Under the Kremlin's Internet surveillance program known as “SORM-2,” Russian Internet service providers are obligated to purchase and install special equipment that allows the Federal Security Service (FSB) to track specific words (like “bomb” or “government”) in online writing and conversation. If officials request additional information about a particular user, the ISP must comply.
Until recently, SORM-2 applied only to ISPs. Last week, Russian Prime Minister Dmitry Medvedev signed a decree that will expand SORM-2's reach to online social networks and all websites that allow people to message one another. Sites like Facebook and Google are now obligated to install surveillance gadgetry, sometimes referred to as “backdoors,” that will allow the FSB to monitor Internet users independently. It's impossible to say exactly how this will work, as Medvedev's order prohibits websites from disclosing the technical details of the government's surveillance operations.
Decree N743 is intended to amend the controversial “Law on Bloggers,” which created a government registry for bloggers who have more than 3,000 daily readers. Registered bloggers are subject to media-focused regulations that can make them more vulnerable to fines and lawsuits than their less popular counterparts. Registered bloggers also are banned from using obscene language and required to fact-check any information they publish. Critics say the law places serious curbs on Internet freedom.
Medvedev's decision to extend Internet surveillance mechanisms to social networks surprised Russia's Internet companies. A PR officer from Yandex, the country's largest search engine, said the company received no advanced notice of the change.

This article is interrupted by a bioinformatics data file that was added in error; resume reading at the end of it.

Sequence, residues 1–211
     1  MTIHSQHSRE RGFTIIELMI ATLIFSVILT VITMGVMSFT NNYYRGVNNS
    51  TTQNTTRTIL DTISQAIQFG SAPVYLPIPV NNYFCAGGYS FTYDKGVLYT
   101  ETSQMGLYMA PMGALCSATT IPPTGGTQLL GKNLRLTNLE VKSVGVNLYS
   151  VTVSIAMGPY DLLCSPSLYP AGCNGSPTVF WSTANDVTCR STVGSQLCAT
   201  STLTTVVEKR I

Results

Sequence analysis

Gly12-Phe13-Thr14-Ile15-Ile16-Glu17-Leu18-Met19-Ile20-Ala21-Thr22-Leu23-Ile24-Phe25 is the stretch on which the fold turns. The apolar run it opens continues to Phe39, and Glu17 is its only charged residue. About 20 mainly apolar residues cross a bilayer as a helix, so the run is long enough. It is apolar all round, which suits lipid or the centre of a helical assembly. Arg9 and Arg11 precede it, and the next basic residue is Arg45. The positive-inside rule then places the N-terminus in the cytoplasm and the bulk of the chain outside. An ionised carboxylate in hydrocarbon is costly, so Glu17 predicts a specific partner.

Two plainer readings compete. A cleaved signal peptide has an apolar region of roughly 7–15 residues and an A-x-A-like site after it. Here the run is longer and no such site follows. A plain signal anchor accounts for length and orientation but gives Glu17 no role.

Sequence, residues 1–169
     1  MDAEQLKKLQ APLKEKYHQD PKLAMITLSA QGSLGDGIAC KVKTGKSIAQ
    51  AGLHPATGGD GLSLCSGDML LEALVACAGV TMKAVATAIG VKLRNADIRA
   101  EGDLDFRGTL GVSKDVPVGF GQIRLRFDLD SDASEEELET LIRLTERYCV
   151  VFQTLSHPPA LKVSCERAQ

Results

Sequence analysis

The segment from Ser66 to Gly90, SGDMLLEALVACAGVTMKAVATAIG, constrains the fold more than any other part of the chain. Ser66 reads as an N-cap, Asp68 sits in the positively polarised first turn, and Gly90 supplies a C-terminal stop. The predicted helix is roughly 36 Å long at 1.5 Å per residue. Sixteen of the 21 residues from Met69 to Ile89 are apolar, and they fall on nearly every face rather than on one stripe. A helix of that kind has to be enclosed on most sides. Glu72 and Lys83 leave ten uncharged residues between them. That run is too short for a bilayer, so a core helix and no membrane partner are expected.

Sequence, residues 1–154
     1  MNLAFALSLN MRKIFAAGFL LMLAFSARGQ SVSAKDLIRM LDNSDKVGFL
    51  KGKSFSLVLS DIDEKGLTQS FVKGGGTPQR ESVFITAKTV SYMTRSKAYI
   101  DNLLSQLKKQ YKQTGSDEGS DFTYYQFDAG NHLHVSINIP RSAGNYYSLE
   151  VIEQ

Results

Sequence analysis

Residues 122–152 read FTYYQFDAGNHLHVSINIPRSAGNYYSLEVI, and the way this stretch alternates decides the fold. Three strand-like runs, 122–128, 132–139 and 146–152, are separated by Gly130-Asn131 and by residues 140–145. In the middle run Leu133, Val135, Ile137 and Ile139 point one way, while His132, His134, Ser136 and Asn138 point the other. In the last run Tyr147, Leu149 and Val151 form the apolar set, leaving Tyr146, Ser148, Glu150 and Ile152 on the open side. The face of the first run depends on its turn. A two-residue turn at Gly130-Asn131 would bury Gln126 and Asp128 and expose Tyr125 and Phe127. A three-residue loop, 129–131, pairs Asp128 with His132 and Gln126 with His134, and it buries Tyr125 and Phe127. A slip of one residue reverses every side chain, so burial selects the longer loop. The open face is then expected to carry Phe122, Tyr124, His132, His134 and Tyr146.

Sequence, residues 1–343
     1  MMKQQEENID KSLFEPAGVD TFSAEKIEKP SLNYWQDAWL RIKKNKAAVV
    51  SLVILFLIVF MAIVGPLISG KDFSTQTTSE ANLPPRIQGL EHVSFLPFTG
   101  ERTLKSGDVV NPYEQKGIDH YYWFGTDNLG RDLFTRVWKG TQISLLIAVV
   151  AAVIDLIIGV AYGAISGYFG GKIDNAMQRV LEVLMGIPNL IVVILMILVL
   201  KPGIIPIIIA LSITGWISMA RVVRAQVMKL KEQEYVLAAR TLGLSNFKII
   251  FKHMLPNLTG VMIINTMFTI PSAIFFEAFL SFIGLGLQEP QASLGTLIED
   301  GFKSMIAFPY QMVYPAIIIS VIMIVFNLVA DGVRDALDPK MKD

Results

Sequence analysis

“Once again, it's unclear what we're supposed to do, what the actual requirements are, and how much all this will cost,” said Anton Malginov, legal head of the Mail.ru, which owns Odnoklassniki.ru, one of Russia's most popular social networks. Businesses are still awaiting clarification from Russia's Communications Ministry.
If the government chooses to enforce every letter of Medvedev's decree, Russia's social networks will join ISPs in buying and installing equipment that allows the FSB to spy on users. Thus SORM-2 would have its “2.0.”
At first glance, “SORM 2.0″ seems redundant, as social network traffic already passes through the wiretaps now installed at the ISP level. In order to obtain detailed information about individual users, however, the FSB must file formal requests, which can be a burdensome process. Installing surveillance instruments at the source of the data, however, will grant authorities the power to conduct targeted realtime surveillance. The procedure will be faster and simpler than dealing with ISPs.
Before August 1, websites were under no obligation to record and store users’ data. The Law on Bloggers changed that. Since August 1, even before Medvedev interpreted the blogger law to be an extension of SORM-2, social networks have been required to keep certain information on file for six months. The costs of this storage will undoubtedly fall on businesses and, in turn, consumers. Websites that cannot attract additional advertising revenue might erect paywalls or even be forced to close down. These massive data stores can also be vulnerable to malicious hacking by third party actors.
And the degree to which extending SORM-2 controls to social networks will help authorities catch criminals remains largely unknown.
How should bloggers respond to these developments? Most Russian Internet users don't have to worry about anything. As Anton Nossik, one of the “founding fathers” of the RuNet, put it almost a year ago, the government's actions against bloggers are politically driven. For the most part, Russia's new laws don't threaten Internet users who steer clear of politics. Those who do speak out about sociopolitical issues, however, might attract the FSB's sudden attention, though there are only enough federal police to keep a close eye on the country's leading dissidents.
Of course, that may be little solace in a world where Big Brother never sleeps.